Jamie Reid Was A Political Activist Long Before His Art Career

Jamie Reid created the punk rock aesthetic in the U.K., combining his iconic ransom note headlines with the liberal use of safety pins and a healthy dose of iconoclasm. But Reid wasn't just an artist for hire, his deeply shocking images of Queen Elizabeth II and battered union jacks came as much from his own politics as the politics of the Sex Pistols.

Reid's childhood in Croydon, South London was unconventional, and he became interested in radical political movements from a young age. He has described his upbringing as being both socialist and druid, and his parents were very politically active when he was a child and were involved in the movement for nuclear disarmament.

In the years leading up to his death, Reid advocated for many causes, from his support for environmentalism to his work with impoverished young people in Liverpool at the Florrie Centre. His core message, however, has always primarily been anti-capitalist in nature — from bashing billionaire artists to lashing out at the corporate world. The entire DIY punk look that he spawned, sprang from his activities with a small group of anti-capitalist radicals — the Suburban Press.

Anti-capitalist roots

After finishing art college, Jamie Reid immediately became immersed in the world of underground political activism. According to Vogue, he took his inspiration primarily from the politics of Situationist International, the french marxist movement associated with philosopher Guy Debord. The Situationists and Reid would inspire anarchists in the U.K. and elsewhere for years to come.

With these ideas in mind, and prior to working with the Sex Pistols, Reid helped to run an anti-capitalist magazine the "Suburban Press." Their operation was composed of a group of like-minded radicals who supported marginalized groups and promoted radical anarchist ideas (via Lodown Magazine). It was here, from 1971 to 1975 that Reid experimented with his art and produced his signature collage aesthetic.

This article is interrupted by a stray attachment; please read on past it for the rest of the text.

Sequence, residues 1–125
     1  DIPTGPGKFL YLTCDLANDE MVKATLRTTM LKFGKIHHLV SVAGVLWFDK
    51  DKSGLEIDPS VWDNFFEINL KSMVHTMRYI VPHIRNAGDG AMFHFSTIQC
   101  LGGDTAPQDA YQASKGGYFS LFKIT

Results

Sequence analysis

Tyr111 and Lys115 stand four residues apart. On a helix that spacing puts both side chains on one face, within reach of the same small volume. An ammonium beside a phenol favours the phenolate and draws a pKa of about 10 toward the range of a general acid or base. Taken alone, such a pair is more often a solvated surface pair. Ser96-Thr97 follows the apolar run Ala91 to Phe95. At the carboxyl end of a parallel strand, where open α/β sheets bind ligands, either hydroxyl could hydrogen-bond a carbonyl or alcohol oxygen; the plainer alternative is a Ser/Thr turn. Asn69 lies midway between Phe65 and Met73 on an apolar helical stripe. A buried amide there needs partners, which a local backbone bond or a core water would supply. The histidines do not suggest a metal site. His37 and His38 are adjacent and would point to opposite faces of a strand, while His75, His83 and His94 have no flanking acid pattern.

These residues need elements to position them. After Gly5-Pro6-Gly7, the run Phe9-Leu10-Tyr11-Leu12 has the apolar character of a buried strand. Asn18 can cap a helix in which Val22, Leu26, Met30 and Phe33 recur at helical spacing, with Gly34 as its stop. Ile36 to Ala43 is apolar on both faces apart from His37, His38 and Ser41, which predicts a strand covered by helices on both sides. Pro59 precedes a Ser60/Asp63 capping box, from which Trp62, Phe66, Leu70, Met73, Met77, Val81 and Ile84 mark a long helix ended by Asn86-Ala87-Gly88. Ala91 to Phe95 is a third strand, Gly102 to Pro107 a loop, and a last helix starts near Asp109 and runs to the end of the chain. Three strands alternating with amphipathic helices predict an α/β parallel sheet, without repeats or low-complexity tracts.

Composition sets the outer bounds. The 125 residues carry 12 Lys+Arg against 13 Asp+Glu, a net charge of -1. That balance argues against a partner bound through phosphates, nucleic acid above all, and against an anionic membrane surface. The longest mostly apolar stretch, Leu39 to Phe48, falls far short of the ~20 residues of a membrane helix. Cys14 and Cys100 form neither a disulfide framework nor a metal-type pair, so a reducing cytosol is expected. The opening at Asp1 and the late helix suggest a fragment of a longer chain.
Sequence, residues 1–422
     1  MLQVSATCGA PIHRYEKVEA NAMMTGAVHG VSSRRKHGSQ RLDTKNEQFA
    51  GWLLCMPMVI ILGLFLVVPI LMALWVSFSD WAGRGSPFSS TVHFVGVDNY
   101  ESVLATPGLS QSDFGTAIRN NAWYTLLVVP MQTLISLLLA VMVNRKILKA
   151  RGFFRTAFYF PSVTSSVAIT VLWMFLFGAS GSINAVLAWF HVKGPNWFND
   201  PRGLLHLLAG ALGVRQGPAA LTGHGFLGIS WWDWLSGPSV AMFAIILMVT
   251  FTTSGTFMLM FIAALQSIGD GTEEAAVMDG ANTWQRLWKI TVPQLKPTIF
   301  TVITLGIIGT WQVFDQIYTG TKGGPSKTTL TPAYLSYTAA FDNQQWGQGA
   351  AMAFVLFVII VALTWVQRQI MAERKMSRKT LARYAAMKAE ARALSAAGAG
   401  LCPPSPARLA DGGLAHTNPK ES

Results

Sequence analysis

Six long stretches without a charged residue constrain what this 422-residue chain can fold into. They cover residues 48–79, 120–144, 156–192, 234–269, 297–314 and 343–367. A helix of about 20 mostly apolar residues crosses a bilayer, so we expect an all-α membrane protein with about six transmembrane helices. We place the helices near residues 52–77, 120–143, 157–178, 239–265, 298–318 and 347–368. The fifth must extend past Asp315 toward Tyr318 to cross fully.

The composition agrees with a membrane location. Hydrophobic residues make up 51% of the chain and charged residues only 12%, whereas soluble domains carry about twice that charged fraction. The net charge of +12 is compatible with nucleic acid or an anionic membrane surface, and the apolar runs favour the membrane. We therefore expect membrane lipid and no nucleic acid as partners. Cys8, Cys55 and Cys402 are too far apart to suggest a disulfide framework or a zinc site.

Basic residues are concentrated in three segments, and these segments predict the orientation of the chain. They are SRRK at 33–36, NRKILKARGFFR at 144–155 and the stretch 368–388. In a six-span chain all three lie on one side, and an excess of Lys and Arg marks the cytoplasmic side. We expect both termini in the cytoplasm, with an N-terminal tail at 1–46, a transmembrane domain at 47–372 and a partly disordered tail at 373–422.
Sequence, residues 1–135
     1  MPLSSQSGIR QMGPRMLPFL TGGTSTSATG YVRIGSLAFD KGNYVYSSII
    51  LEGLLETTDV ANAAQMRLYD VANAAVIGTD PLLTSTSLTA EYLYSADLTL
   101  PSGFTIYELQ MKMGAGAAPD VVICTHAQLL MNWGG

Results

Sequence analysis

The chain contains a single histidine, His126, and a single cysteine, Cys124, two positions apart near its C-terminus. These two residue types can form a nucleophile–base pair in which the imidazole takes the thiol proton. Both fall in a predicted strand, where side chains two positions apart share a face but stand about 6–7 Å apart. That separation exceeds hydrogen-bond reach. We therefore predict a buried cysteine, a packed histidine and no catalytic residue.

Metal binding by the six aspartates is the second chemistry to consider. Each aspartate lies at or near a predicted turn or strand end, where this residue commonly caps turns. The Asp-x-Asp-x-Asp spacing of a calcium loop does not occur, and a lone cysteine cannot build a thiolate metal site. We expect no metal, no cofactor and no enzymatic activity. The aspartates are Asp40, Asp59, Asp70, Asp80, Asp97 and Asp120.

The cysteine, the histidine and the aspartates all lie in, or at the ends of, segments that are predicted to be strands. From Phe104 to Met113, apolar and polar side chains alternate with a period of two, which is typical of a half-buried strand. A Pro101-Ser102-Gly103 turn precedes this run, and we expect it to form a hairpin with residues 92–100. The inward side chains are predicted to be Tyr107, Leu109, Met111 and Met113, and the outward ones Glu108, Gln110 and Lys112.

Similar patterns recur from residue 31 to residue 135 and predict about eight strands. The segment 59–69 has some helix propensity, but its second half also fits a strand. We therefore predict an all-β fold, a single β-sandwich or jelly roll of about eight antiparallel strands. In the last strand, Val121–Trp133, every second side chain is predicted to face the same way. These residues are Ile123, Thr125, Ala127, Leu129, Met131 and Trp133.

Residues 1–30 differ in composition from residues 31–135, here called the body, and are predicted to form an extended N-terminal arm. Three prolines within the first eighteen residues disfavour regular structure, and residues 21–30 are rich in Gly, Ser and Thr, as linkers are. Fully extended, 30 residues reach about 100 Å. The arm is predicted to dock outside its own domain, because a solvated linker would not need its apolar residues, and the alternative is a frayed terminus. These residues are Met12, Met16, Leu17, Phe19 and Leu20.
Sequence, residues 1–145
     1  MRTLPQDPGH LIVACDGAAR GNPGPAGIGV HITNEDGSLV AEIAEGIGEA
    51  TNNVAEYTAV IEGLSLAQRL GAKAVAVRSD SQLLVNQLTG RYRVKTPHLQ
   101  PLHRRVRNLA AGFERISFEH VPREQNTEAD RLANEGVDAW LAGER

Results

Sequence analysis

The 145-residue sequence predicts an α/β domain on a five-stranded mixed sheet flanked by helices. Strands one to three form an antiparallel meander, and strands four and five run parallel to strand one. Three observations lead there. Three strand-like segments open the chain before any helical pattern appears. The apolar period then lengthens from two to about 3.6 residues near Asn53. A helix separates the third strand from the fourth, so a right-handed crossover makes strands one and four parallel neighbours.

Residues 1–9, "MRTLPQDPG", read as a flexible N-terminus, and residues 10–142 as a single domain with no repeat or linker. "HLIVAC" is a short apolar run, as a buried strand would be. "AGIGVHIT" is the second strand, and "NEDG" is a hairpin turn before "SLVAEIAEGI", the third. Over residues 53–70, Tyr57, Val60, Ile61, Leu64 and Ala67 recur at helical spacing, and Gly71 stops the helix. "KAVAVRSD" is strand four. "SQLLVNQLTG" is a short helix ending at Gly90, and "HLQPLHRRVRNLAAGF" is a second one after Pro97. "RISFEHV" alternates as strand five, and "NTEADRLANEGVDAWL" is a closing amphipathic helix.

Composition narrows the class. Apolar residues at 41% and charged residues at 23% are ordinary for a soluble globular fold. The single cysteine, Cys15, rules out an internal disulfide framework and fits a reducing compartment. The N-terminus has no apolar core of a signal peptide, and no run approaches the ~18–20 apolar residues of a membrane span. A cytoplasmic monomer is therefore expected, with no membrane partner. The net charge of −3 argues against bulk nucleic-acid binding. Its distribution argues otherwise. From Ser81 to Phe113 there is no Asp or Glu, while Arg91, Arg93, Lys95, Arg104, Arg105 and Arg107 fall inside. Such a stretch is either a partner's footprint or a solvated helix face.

Long before Reid shot to fame his pieces were always provocative and anti-establishment. His "Work and Play" piece from 1972 for example (now in the Tate Gallery in London), brings together a smattering of images from glossy magazines to mock middle-class aspirations. After the Sex Pistols broke up, Reid continued to involve himself in various causes, but he never wished to be associated with the powerful members of the art world his work inspired.

Pussy Riot and social activism

The Sex Pistols hit the big time in 1976 but had already disbanded by 1978. Fortunately, Reid still had plenty to do and his career as an activist and political artist continued long afterward. For example, Reid agitated against some of the most controversial legislation to come out of the U.K. — such as the crippling Poll Tax, and the homophobic Section 28 laws. In more recent years he also attacked the rich and powerful on a number of occasions. He pilloried everyone from Donald Trump — who Reid once depicted with swastikas for eyes — to mega-rich British artist Damien Hirst — a "hypocritical and greedy art bully" from Reid's perspective (via The Evening Standard). In 2012, Reid backed some Russian rebels, punching up at Vladimir Putin, with a poster design for the punk band Pussy Riot. The image includes a picture of Vladimir Putin wearing one of the band's famous balaclavas.

Unlike many others in the punk movement, Reid never sold out and always fought for a cause. Just a year before his death on August 8, 2023, he wrote an op-ed for The Independent, taking potshots at the royal family and lamenting the presence of the super-wealthy in British political life.